ASUS RS720A-E11-RS24U Internal Overview
Opening up the top panels, we can see inside. There is a fan partition but behind that instead of seeing CPUs, memory, and risers, we see these large metal cages. We will get to those soon.
On the fan side, we have four hot-swap delta fans. The fans along with the GPU cage/ riser handles are in a bright green/ yellow color to show they are places that are designed for hands-on service.
The key to this system is that with the GPU configuration, it is designed to have two distinct airflow segments. One on the top of the chassis, the other is on the bottom. This bottom part is where we see the dual AMD EPYC 7003 CPUs. The specs of the motherboard say up to 225W TDP support, but we have 280W AMD EPYC 7763 CPUs in this system and that is how ASUS configured it. These give us a total of two 64-core/ 128 thread (128C/ 256T combined) processors for the high-end processors of today. You can see our AMD EPYC 7763 review to learn more.
On the memory side, we get 32x DDR4 DIMM slots. Our system came equipped with 8x 64GB DIMMs, but we swapped those out to 16x 32GB DIMMs for our testing to fill memory channels. Still, for photo purposes (since we were tight on DIMMs in the lab given the back-to-back EPYC and Xeon launches) we used the configuration that ASUS loaned us the system with. Each CPU can support up to 16x 256GB DIMMs for up to 4TB per socket or 8TB in the system.
On the subject of those large GPU cages, you can see the three of them here, and two of the NVIDIA A100’s installed. Check the accompanying video to see how they are removed.
A key reason we are calling these cages, instead of risers, is that they are independent units. Each is secured into place, but PCIe is provided via two x8 connections on the motherboard instead of via a traditional slot and riser (except for the dual GPU riser which is a combination.)
This is a more modern approach since it allows easier servicing and more freedom in where GPUs can be placed in a system. It also allows the flexibility to offer a more traditional riser setup, or to have these large GPU cages.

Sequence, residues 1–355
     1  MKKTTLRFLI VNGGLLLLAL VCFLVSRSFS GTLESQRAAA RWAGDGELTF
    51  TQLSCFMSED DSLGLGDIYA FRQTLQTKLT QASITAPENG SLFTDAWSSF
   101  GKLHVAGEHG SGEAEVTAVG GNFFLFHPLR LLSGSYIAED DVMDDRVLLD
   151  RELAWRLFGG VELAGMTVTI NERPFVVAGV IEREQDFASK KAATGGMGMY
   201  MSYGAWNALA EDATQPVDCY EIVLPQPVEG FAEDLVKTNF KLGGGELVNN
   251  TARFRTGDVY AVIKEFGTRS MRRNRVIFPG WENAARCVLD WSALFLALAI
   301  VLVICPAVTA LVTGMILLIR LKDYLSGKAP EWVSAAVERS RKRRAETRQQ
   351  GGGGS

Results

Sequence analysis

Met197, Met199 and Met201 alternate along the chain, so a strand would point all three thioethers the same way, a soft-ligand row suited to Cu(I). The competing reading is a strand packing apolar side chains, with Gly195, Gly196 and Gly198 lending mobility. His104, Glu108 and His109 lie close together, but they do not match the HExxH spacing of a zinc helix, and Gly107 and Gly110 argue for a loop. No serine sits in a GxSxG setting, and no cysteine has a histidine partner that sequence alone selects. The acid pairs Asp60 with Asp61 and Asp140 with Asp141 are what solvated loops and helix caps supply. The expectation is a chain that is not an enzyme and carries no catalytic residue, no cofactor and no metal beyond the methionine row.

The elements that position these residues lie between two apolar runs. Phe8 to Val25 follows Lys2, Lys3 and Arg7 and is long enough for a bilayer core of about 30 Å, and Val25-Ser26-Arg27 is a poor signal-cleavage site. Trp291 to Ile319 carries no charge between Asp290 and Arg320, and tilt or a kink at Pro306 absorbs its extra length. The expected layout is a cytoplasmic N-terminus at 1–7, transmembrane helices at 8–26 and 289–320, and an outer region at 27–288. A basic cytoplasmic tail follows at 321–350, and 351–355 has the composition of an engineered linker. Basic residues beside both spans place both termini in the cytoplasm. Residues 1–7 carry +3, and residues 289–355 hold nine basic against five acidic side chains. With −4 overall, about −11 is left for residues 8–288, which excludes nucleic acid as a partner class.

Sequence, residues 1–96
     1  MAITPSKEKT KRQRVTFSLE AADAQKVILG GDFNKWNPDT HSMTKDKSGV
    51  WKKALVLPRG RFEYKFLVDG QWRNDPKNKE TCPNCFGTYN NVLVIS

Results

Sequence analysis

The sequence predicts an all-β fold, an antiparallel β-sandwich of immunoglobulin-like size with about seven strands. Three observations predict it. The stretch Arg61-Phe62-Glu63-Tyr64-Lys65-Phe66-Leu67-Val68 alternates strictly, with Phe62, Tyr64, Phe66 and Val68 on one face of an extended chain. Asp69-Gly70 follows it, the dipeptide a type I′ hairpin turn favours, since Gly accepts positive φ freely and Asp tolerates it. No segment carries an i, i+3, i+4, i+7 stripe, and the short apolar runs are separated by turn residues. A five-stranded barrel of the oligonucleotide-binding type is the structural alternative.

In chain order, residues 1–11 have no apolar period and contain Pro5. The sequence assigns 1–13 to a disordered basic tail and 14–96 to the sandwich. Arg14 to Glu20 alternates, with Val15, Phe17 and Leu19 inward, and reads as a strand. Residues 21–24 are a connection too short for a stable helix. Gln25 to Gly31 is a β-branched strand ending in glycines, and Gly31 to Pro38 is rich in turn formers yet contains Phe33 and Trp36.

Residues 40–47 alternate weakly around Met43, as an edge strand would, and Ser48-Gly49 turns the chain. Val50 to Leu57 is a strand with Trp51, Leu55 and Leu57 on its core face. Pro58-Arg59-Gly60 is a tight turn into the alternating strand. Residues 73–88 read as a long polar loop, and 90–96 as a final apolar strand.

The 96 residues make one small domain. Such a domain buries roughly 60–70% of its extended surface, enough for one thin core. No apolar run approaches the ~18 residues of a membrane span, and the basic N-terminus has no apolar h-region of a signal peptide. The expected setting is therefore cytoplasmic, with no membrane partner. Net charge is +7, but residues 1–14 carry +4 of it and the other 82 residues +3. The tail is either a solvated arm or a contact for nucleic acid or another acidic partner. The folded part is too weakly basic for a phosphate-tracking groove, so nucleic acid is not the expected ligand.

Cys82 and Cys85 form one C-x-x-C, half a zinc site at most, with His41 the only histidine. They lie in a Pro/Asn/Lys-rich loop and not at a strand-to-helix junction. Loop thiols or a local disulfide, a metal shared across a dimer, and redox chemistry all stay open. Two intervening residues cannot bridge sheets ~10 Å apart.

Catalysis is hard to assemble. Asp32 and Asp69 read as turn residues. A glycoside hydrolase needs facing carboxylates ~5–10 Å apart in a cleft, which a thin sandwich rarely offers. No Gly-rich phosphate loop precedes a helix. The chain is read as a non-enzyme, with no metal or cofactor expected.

The PCIe cables then have a PCIe Gen4 x16 edge connector that connects directly to the GPU.
The PCIe x8 cables are then connected to motherboard connectors. One can see how much denser these connectors are than traditional PCIe x16 edge connectors. That helps in system flexibility.
Next to these PCIe connectors, there are GPU power headers on the motherboard. Something one may notice is that the board in these cages also has power. Power is provided to the GPUs directly in each of the cages.
Power from the cable can also be used to spin fans in the GPU cage assemblies. Here is a shot inside one of the assemblies with two fans to keep the accompanying GPU cool.
As a quick note here, we are showing the NVIDIA A100 40GbE PCIe cards here, but these could just as easily be accelerators like GPUs from AMD, FPGAs from Xilinx/ Intel, or other accelerators. The advantage of PCIe is that it is flexible because in the data center cards are designed to standard power and dimensions.
On the motherboard, we get two M.2 slots. We see these mostly being used for boot media and two means we can potentially mirror a boot drive across two physical drives.
Above this area, we have another riser that we looked at earlier. Onboard there is the standard networking. The other side of this riser has the ASUS PIKE II controller. This example is a Broadcom/ Avago/ LSI SAS3108 RAID card, but there are HBA options as well.
This card is then connected to the front of the chassis to provide SAS3 and RAID connectivity. Since these are SFF-8643 cables, there are also onboard motherboard SATA connectors that can be used to free up this low-profile slot.
If we were configuring a system like this, we might look at a 100GbE adapter or a NVIDIA-Mellanox BlueField-2 DPU instead of the RAID card.
The ability to have an Arm-based system with crypto-offloads and capabilities to manage NVMeoF for a high-end machine like this would fit better in our infrastructure than the PIKE II controller. The key though is that using a PIKE II controller for SAS3/ RAID would mean that one does not have rear I/O available for higher-end networking. That would leave only the dual 10Gbase-T as the networking option which is a bit less balanced when there are four NVIDIA A100 GPUs. Again, we have more views of pulling the GPU cages from the system in the accompanying video which may help if you are having trouble visualizing.
Next, we are going to look at the management of the system.